it even seems to have, on the other side of the body bag, some Mary Shelley pictures, which belong in a haunted house, not a modern single woman’s apartment
though it has to be said, these could be very strange amalgams, gilt frame, traditional Mary Shelley presentation, and yet close-up they seem to have a pin-uppy quality, even a Bettie Page look to the posing, it’s very odd
Even weirder, the offices of the investigators seem to have ridiculously out of place pictures of a romantic, antique sort
this one is a horse and buggy racing picture, so, OK, it is a sport picture, in the tradition of sport pictures at bars where men hang out, but in an oval, and painted, and framed in gilt, it’s like they found an antique at the local store, and this might have a “this is suburbia” vibe, and just plunked it up
then, even stranger, at the main cop’s office, a truly traditional motel room landscape painting, bespeaking trouble coming, even with the winding road down the middle, which says so, immediately
so, it is as if, the retro aesthetic of the funeral home, through his POV, has spread itself out over the whole milieu, which is strange indeed.
And then it gets stranger. There is a very good, or a few very good shower sequences in the movie. This nails the movie, as per accumulation of trope, as a sexploitation movie, probably played on the Deuce, which will make an appeal-to-audience appearance. But, the funny thing is, having set up the old-fashionedness and outofdatedness of his POV, and then compared it to the today’s world, the gap between the two causing him to develop a sense that the world has gone mad, a scapegoat (in the psycho mind) is found to blame for the moral degeneration he sees having happened from 1942 to 1972, and that is all those ridiculously sexy girls showing way, way, way too much of their skin, getting everyone excited, being total whores, immoral sluts (this is a very common trope in the moral outrage trope plot of 70s horror, see Judy Geeson in the Spanish movie, It Happened at Nightmare Inn (1973, where a woman did the killing), and so takes it upon himself to embody the gap between then and now in the bodies of sexy young woman, and to erase that gap and distance by killing them. So, there is a first really good shower, in which we see the young woman who lives in the above apartment undressing to a robe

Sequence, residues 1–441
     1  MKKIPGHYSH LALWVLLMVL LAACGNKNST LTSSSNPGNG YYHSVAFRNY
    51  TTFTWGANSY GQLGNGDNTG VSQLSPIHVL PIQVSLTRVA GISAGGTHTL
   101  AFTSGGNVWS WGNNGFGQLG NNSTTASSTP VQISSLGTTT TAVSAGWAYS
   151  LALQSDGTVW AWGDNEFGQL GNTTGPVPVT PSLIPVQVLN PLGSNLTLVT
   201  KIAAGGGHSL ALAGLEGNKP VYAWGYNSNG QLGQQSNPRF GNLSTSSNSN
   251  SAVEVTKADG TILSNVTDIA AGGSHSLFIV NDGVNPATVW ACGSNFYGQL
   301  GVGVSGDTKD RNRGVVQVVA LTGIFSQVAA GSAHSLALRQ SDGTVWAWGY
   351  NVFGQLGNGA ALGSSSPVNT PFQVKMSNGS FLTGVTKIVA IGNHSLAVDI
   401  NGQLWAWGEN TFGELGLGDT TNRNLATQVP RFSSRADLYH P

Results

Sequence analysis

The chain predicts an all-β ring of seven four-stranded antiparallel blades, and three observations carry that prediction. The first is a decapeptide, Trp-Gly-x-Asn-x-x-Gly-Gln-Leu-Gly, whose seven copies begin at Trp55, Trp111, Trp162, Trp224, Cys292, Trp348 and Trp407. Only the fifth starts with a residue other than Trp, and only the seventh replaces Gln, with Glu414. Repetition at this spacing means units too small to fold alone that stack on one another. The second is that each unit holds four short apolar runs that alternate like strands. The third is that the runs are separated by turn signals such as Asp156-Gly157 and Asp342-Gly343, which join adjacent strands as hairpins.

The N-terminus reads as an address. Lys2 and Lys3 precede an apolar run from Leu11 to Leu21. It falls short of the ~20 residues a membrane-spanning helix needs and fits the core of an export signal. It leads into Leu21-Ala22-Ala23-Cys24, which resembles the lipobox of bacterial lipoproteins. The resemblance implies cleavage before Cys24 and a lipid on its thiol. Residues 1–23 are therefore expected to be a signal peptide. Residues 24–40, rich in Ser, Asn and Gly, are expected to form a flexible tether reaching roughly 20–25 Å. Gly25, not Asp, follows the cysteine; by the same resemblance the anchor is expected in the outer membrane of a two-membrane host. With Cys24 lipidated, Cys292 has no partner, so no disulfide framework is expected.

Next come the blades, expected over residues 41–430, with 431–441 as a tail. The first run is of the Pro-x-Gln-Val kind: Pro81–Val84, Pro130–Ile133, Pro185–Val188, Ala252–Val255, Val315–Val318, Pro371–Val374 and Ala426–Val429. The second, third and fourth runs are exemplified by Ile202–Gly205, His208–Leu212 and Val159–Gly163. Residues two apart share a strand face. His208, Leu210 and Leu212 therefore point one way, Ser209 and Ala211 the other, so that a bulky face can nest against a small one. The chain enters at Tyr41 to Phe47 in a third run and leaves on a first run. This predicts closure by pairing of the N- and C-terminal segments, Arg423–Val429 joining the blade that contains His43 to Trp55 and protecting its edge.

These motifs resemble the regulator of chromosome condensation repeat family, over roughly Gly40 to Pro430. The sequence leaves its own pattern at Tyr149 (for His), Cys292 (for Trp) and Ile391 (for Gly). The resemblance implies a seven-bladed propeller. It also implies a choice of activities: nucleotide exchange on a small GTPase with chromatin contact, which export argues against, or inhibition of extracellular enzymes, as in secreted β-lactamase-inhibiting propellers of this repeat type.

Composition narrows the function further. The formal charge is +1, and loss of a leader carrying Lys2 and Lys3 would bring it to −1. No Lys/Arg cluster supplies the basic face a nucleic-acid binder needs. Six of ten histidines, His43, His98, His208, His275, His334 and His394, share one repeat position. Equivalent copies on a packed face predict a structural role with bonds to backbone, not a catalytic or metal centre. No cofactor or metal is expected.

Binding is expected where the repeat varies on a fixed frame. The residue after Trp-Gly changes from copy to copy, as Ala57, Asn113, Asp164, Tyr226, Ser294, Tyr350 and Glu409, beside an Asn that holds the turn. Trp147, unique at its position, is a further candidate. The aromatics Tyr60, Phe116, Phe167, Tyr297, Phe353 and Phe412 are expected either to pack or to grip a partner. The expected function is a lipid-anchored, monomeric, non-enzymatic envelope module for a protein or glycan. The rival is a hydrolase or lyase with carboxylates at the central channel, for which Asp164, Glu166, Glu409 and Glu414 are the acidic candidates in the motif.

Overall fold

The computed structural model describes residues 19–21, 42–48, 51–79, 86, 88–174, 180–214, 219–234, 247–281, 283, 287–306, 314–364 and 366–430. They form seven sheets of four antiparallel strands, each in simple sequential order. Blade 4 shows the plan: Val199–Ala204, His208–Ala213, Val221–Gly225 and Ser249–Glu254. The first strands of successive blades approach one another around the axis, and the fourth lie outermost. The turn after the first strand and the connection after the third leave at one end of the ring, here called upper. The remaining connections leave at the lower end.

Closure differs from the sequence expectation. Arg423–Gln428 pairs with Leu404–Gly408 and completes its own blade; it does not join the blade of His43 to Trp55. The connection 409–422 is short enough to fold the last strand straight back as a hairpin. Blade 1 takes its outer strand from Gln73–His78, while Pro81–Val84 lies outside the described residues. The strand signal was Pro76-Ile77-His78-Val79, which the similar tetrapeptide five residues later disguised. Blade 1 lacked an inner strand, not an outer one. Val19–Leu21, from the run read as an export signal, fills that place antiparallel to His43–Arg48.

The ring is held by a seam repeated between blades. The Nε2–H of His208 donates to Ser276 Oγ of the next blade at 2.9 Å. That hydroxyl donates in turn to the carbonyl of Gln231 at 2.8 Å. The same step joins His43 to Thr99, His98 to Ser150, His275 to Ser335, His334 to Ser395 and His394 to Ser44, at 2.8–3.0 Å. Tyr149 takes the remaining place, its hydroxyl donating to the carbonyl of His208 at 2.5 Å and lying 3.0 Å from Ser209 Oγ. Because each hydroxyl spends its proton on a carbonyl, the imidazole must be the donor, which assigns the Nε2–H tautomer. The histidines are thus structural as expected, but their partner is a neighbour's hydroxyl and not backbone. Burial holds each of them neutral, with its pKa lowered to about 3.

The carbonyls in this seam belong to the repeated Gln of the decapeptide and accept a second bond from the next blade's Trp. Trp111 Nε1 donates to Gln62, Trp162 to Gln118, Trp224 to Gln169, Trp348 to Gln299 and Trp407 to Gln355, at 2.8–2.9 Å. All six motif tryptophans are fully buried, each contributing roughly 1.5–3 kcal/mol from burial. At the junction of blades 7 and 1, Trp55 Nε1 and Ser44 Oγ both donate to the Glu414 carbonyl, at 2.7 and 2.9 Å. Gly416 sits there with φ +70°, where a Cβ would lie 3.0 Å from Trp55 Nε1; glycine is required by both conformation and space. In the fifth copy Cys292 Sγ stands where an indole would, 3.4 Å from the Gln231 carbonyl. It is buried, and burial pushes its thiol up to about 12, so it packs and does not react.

that must include, he supposes, her at one point removing her bra
then there will be a shower, and a full on view of her in the nude (this shot, as discussed, previously framed-within-framing to as an iris evoke the voyeuristic, peeping tom aspect of it as a “score,” that is, after a time peeping, actually seeing what you are after, nudity! Bingo! (and in the 70s this accentuatedd for the raincoat crowd too as actual nudity, not partial nudity, by the capture of her pubic bush)
and then we get some good beating about the bush shots, him outside, his eyes now fixated upon the bush he has seen, going round the bushes, to get in
this shower sequence, in fact, somewhat reverses the charges, from the norm, the nudity came in the run-up, then in the shower, but the looking away from the world, the preoccupation with bodily intimacy that causes the woman to for a moment not look after herself happens after, not when she is washing her hair, but when she is putting that hair into a towel turban
and then she sits down and watches some TV, too attentive to the screen, not watching her back, the turban then in this compound trope becoming the sign of her pedestaled egotism not attending to her care
but then comes the punchline, and the surprise part. A modern day woman, in 1970, 20 years old, after her shower, sitting around naked in her robe, sits down to watch Abbot and Costello in Africa Screams (1949)
Bedtime for Bonzo (1951), with just then (in 1982) elected President, Ronald Reagan
and then two horror movies, Roger Coreman’s The Terror (1965)
and another one I know, but cant name at the moment, from the 30s
with the head in the suitcase (a warning she ought to have taken, but she is complacent in post-shower turban royal-treatment, guard-down relaxation)